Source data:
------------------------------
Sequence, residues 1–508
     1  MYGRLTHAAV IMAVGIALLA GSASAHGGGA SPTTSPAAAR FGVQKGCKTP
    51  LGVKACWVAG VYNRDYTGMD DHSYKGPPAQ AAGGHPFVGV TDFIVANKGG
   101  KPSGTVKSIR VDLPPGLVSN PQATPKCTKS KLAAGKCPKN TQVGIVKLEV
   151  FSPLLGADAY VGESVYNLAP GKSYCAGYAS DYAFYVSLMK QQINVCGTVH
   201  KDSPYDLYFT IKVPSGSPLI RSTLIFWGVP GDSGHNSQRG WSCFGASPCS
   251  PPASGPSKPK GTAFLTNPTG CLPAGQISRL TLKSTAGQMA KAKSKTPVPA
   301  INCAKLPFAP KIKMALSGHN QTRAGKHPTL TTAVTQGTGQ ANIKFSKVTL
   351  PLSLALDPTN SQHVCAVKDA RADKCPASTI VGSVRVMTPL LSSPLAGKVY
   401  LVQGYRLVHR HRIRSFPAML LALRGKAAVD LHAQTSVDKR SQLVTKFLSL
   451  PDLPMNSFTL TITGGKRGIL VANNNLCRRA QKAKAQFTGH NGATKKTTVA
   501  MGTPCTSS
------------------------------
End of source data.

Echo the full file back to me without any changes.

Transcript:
Sequence, residues 1–508
     1  MYGRLTHAAV IMAVGIALLA GSASAHGGGA SPTTSPAAAR FGVQKGCKTP
    51  LGVKACWVAG VYNRDYTGMD DHSYKGPPAQ AAGGHPFVGV TDFIVANKGG
   101  KPSGTVKSIR VDLPPGLVSN PQATPKCTKS KLAAGKCPKN TQVGIVKLEV
   151  FSPLLGADAY VGESVYNLAP GKSYCAGYAS DYAFYVSLMK QQINVCGTVH
   201  KDSPYDLYFT IKVPSGSPLI RSTLIFWGVP GDSGHNSQRG WSCFGASPCS
   251  PPASGPSKPK GTAFLTNPTG CLPAGQISRL TLKSTAGQMA KAKSKTPVPA
   301  INCAKLPFAP KIKMALSGHN QTRAGKHPTL TTAVTQGTGQ ANIKFSKVTL
   351  PLSLALDPTN SQHVCAVKDA RADKCPASTI VGSVRVMTPL LSSPLAGKVY
   401  LVQGYRLVHR HRIRSFPAML LALRGKAAVD LHAQTSVDKR SQLVTKFLSL
   451  PDLPMNSFTL TITGGKRGIL VANNNLCRRA QKAKAQFTGH NGATKKTTVA
   501  MGTPCTSS